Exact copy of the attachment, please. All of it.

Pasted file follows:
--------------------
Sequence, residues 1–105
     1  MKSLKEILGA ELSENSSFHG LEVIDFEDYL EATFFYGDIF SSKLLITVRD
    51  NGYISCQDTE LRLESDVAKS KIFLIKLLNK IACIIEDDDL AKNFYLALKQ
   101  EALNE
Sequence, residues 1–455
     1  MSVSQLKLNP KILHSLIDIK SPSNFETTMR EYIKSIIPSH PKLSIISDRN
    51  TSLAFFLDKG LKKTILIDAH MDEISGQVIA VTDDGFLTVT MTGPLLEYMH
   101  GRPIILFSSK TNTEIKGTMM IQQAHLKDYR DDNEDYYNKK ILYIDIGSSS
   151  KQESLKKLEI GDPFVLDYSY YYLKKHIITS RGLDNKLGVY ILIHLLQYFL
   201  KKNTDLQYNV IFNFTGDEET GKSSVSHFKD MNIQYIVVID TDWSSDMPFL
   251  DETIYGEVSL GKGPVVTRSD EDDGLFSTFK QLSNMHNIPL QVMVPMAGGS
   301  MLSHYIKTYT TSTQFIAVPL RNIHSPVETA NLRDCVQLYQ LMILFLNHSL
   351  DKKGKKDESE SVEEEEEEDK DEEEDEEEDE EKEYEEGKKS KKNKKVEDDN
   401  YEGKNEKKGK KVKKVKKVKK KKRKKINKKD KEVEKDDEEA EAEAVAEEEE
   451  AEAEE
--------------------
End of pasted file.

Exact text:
Sequence, residues 1–105
     1  MKSLKEILGA ELSENSSFHG LEVIDFEDYL EATFFYGDIF SSKLLITVRD
    51  NGYISCQDTE LRLESDVAKS KIFLIKLLNK IACIIEDDDL AKNFYLALKQ
   101  EALNE
Sequence, residues 1–455
     1  MSVSQLKLNP KILHSLIDIK SPSNFETTMR EYIKSIIPSH PKLSIISDRN
    51  TSLAFFLDKG LKKTILIDAH MDEISGQVIA VTDDGFLTVT MTGPLLEYMH
   101  GRPIILFSSK TNTEIKGTMM IQQAHLKDYR DDNEDYYNKK ILYIDIGSSS
   151  KQESLKKLEI GDPFVLDYSY YYLKKHIITS RGLDNKLGVY ILIHLLQYFL
   201  KKNTDLQYNV IFNFTGDEET GKSSVSHFKD MNIQYIVVID TDWSSDMPFL
   251  DETIYGEVSL GKGPVVTRSD EDDGLFSTFK QLSNMHNIPL QVMVPMAGGS
   301  MLSHYIKTYT TSTQFIAVPL RNIHSPVETA NLRDCVQLYQ LMILFLNHSL
   351  DKKGKKDESE SVEEEEEEDK DEEEDEEEDE EKEYEEGKKS KKNKKVEDDN
   401  YEGKNEKKGK KVKKVKKVKK KKRKKINKKD KEVEKDDEEA EAEAVAEEEE
   451  AEAEE